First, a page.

On the storytelling side of things, I wanted the player to play as a miner that just struck lava and is now trying to escape. I imagined this kind of absurdity would fit pretty well for the style of the game. The design decisions made were determined through the mechanics of being restrained to one button. I felt that it would be appropriate to identify what kind of theme focuses on ascending and jumping, the decision to make the level as a mine and the character as a miner seemed to work. This decision was validated by the rising lava idea which pushed the player to ascend and climb a narrow mining shaft to reach the top of the pit. The playtesting helped reinforced that this was a suitable story and environment which was relayed back to me with satisfaction and understanding.
User Experience:
The experience for the player, to me, had to feel good. In doing so I made tweaks to the spawn timer as well as the amount of differentiation amongst platforms that would be spawned so it wasn't too easy or too hard. The platform sizing and timing created an experience that many players enjoyed. The goal was to create enough variability to keep the player on their toes and reward them for placing the platform right. In addition to the randomness, dying needed to feel good and not frustrating so I made it more fun by playing a nice audio cue to relieve some frustrations felt. These three design decisions became validated by allowing players to enjoy the game and giving them enough variety in which platforms showed up. The playtesting of this became imperative to finding which times were too fast or too slow. It also helped showed the frustrations of dying and bugs that arose such as being stun-locked until the lava inevitably killed you. I change this by allowing the platforms which spawned to kill you if you touched it anywhere other than the top.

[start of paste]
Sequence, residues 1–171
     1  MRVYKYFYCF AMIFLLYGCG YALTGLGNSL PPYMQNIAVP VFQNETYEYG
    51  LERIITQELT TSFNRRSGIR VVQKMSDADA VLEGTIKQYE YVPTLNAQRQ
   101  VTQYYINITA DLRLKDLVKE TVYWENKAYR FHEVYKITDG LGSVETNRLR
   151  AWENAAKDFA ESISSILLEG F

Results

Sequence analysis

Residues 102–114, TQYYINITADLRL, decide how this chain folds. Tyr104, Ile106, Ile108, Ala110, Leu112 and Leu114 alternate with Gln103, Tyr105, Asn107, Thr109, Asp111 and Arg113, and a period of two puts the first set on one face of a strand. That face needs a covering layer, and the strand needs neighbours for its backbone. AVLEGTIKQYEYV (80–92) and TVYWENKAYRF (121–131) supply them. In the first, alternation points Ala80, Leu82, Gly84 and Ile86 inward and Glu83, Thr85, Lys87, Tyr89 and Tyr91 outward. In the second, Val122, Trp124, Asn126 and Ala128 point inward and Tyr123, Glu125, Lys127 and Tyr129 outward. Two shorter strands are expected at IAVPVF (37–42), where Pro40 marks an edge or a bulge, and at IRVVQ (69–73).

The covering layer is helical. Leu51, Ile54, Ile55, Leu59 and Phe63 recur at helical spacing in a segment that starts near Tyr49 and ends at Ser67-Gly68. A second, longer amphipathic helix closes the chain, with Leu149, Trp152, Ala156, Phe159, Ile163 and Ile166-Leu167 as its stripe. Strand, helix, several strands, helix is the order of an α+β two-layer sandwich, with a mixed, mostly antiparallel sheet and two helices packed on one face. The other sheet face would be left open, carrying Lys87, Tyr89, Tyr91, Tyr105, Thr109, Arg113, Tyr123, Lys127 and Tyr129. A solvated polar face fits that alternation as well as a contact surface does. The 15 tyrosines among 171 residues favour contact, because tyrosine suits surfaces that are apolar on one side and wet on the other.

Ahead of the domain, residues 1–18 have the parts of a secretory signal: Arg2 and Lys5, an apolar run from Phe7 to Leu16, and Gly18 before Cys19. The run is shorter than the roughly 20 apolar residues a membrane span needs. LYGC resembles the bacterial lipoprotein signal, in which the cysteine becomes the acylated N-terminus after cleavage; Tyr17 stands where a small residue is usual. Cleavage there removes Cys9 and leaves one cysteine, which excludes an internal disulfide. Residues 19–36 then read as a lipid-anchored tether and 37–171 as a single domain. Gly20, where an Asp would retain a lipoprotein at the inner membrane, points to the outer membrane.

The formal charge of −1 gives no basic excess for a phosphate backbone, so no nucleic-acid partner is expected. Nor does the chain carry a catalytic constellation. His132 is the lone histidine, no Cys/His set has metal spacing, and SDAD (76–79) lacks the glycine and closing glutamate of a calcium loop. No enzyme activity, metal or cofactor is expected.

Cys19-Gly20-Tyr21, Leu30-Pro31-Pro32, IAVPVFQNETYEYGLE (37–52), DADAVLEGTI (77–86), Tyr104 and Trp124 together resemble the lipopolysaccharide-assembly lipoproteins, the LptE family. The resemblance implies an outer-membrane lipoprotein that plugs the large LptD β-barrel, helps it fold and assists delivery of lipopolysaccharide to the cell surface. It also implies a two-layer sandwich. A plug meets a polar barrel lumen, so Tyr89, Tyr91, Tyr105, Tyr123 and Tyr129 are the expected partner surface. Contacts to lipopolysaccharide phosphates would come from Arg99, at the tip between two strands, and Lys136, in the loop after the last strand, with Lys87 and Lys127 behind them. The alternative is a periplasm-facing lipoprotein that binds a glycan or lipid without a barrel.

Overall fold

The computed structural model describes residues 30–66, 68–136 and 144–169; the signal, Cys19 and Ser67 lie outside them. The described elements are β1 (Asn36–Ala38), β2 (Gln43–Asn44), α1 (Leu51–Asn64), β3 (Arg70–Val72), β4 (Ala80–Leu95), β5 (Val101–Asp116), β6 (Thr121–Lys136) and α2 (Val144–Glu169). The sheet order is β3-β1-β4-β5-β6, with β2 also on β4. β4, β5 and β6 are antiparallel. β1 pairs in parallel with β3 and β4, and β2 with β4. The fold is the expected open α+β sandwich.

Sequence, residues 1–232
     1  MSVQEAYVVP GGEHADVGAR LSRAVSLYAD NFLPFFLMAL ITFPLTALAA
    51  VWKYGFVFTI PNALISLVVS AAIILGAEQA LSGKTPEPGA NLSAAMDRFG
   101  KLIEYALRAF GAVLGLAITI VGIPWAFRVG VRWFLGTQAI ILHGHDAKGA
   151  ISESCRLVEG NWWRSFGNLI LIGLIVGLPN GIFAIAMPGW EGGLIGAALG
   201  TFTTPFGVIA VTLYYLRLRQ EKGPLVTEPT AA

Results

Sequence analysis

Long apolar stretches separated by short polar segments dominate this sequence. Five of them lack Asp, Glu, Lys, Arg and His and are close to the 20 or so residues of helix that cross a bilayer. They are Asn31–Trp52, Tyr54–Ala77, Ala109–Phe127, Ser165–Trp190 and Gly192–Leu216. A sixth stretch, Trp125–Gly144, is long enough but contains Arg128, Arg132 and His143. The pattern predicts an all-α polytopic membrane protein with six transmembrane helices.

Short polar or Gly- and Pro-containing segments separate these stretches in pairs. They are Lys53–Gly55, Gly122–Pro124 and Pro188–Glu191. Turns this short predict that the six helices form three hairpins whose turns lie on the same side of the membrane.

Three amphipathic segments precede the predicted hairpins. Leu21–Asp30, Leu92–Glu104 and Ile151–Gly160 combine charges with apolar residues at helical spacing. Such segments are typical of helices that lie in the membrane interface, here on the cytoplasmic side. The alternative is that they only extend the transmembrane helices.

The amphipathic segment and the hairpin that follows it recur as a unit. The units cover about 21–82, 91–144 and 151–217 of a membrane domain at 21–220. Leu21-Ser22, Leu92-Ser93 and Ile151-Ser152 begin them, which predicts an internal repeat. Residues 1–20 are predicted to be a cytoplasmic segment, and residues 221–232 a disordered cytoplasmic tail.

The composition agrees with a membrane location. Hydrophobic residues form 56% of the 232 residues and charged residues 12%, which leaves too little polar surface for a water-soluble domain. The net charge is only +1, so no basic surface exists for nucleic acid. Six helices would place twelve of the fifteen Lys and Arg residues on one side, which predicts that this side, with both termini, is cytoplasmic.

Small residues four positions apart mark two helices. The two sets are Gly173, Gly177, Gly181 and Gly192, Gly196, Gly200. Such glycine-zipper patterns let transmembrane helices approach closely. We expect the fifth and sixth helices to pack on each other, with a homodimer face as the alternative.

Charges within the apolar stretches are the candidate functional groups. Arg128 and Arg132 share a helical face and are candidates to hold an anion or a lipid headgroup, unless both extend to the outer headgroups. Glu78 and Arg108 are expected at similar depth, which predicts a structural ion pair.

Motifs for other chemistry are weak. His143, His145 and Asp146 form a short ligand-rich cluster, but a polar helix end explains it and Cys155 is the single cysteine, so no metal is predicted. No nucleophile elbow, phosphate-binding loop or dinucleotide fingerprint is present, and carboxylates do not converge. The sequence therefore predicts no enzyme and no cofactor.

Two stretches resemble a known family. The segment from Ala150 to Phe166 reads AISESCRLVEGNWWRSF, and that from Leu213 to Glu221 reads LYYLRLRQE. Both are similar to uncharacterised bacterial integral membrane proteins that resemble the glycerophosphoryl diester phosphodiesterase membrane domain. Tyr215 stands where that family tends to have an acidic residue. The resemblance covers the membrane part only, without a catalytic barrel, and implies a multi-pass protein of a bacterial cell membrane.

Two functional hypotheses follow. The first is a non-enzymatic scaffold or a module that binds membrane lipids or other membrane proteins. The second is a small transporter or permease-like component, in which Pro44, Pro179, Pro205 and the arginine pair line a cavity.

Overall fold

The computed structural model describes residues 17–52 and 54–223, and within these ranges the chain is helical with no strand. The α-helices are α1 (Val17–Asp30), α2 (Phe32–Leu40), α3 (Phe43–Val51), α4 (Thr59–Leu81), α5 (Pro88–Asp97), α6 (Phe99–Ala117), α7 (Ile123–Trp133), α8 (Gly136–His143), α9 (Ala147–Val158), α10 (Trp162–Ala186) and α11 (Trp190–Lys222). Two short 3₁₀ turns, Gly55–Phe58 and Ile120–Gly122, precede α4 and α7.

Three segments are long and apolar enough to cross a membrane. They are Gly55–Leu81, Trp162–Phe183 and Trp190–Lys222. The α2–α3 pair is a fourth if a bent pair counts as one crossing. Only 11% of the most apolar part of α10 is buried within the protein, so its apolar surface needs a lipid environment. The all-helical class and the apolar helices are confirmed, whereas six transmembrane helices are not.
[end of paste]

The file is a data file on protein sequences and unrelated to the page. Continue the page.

System Design:
The system design for this was a bit tricky in the time allotted to finish this prototype. I tried to fit a handful of different types of platforms as well as different threats for the player to catch them off guard to help keep them in a flow state. The systems were broken down into mainly the platform category due to the simplification of the jump, which doesn't have many external states influencing it. I had 3 types of platforms and 1 type of threat that would spawn. Working with gravity-based physics shed light on the problem that there needed to be a way to stabilize the platforms and that was the 2/16 chance that when the player landed on that platform it would create a new layer for them to fail. The way the platforms were spawned was by using two "list" containers which essentially would remove 1 platform at random and add it to another list where then it would fill it back up before spawning it out at random and transferring that into the first "list" container. The platform had to be broken down into, what effects could each platform has that make them unique and how often should they appear. These decisions were validated in playtesting when the brown platform that extends needed to be rare or it proved to be too boring and not challenging enough.